September 29, 2022 - 9:00 pm
The Food and Drug Administration has been on the warpath against e-cigarettes, going so far this June as to try to ban Juul products from the marketplace. A federal appeals court stayed the edict, and the agency eventually admitted it had not done a thorough review of the company’s offerings.
The FDA purports to act in the name of public heath, particularly when it comes to vaping by teenagers, but it’s actually doing the bidding of anti-nicotine extremists who, in their zeal to outlaw tobacco and punish its purveyors, refuse to acknowledge that e-cigarettes are not nearly as dangerous as traditional smoking. These overly aggressive efforts to eliminate e-cigarettes could undermine smoking cessation efforts, imperiling public health in the long run.
“We do know that e-cigarettes — as a general class — have markedly less risk than a combustible cigarette product,” Brian King, who heads the FDA’s Center for Tobacco Products, told The Associated Press this week. Yet, thanks to an avalanche of attacks on the vaping industry, polls show only a small minority of Americans understand that traditional cigarettes pose a far greater health problem than e-cigarettes.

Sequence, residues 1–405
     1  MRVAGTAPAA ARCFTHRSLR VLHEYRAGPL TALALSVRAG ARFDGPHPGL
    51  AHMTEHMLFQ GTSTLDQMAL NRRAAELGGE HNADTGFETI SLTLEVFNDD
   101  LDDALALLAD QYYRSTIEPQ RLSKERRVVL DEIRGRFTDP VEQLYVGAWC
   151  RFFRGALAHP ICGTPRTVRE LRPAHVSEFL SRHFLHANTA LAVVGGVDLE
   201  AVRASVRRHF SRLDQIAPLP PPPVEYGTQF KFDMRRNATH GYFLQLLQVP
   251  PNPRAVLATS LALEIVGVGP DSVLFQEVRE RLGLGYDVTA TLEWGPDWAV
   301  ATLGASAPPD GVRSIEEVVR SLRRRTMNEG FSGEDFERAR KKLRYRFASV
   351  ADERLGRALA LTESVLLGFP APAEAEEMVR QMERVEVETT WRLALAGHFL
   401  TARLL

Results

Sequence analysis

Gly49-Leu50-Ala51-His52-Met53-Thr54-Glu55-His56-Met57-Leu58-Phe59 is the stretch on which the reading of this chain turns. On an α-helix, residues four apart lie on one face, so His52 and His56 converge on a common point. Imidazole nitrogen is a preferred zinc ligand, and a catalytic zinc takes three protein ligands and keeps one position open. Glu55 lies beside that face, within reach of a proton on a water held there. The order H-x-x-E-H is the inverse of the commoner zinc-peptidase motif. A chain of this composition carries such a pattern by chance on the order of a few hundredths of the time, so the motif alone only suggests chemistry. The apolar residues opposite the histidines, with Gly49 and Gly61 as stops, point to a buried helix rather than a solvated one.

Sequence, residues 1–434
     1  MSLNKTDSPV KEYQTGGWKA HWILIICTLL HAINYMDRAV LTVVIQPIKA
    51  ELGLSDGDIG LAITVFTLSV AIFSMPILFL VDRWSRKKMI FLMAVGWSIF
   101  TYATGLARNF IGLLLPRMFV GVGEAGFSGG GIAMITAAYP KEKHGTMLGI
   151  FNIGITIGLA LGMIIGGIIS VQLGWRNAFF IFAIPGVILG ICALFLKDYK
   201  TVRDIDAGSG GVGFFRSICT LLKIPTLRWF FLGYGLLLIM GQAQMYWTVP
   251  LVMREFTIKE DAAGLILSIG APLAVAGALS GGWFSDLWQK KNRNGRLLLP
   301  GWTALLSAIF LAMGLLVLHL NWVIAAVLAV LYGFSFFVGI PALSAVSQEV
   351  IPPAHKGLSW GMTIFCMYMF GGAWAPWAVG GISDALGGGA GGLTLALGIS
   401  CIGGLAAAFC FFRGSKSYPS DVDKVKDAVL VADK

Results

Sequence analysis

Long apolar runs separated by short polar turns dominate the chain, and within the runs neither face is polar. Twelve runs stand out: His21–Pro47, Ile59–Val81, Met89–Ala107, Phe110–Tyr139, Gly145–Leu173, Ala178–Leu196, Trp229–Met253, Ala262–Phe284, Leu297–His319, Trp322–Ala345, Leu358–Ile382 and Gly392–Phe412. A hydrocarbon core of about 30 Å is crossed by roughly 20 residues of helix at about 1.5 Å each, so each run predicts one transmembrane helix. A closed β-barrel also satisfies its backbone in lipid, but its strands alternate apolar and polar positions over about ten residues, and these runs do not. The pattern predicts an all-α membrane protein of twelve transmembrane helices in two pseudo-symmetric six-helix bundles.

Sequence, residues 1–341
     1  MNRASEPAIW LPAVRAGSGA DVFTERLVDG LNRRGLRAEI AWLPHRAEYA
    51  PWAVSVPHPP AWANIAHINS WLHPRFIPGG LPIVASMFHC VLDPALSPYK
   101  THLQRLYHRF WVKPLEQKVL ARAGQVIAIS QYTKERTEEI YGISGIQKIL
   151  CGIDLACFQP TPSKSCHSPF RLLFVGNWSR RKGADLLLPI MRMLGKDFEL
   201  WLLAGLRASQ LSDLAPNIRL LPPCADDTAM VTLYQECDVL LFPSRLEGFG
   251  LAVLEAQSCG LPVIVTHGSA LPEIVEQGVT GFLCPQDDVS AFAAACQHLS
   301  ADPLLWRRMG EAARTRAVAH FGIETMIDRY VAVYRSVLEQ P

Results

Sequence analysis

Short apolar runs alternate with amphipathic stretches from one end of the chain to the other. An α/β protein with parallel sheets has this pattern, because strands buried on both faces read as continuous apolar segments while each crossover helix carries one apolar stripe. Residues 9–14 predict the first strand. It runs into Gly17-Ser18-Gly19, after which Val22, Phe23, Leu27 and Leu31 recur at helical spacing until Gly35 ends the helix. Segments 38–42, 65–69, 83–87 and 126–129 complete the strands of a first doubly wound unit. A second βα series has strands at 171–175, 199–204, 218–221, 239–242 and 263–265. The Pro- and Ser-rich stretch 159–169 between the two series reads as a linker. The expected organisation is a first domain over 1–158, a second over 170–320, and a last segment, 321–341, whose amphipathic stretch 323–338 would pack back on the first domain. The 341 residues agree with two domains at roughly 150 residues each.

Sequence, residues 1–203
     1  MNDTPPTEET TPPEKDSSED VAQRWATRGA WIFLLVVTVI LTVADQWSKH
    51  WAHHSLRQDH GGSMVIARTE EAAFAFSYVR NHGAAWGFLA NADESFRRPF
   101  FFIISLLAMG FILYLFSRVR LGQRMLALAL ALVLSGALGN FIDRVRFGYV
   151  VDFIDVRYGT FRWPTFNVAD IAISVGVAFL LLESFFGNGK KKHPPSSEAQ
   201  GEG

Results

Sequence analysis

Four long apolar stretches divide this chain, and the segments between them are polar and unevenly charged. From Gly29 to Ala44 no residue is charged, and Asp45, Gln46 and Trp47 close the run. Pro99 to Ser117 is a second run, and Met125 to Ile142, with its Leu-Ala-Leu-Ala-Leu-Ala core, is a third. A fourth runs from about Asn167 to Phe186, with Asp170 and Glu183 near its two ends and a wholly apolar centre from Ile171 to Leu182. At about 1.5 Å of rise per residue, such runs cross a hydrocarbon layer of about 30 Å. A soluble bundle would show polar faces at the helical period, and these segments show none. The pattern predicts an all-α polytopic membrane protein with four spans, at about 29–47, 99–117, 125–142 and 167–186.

“I’m fully aware,” Mr. King told the wire service “of the misperceptions that are out there and aren’t consistent with the known science.”
As Reason magazine’s Guy Bentley wrote this week, some rational antismoking advocates understand the problem. By equating the dangers of vaping with smoking a pack of Marlboros, nicotine warriors risk “holding back many smokers from switching to a safer product and causing a rash of bad public policy decisions.”
Clive Bates, former chief of the antismoking charity Action on Smoking and Health, goes so far as to compare those who propagate this falsehood with the tobacco companies engaging in “duplicitous behavior” when they insisted that smoking had few ill effects. In reality, vaping “poses only a small fraction of the risks of smoking,” a 2018 report by Public Health England concluded, “and switching completely from smoking to vaping conveys substantial health benefits over continued smoking.”
Mr. Guy reports that the FDA’s website, despite Mr. King’s acknowledgment, still includes language that contributes to misconceptions about vaping, and the agency “has no plan to correct any of the widespread misinformation about e-cigarettes anytime soon.”
Keeping e-cigarettes out of the hands of children is a laudable goal and laws preventing the sale of such products to minors deserve support. But heavy-handed prohibition is misguided, unscientific and, of greater importance, almost certainly an affront to public health.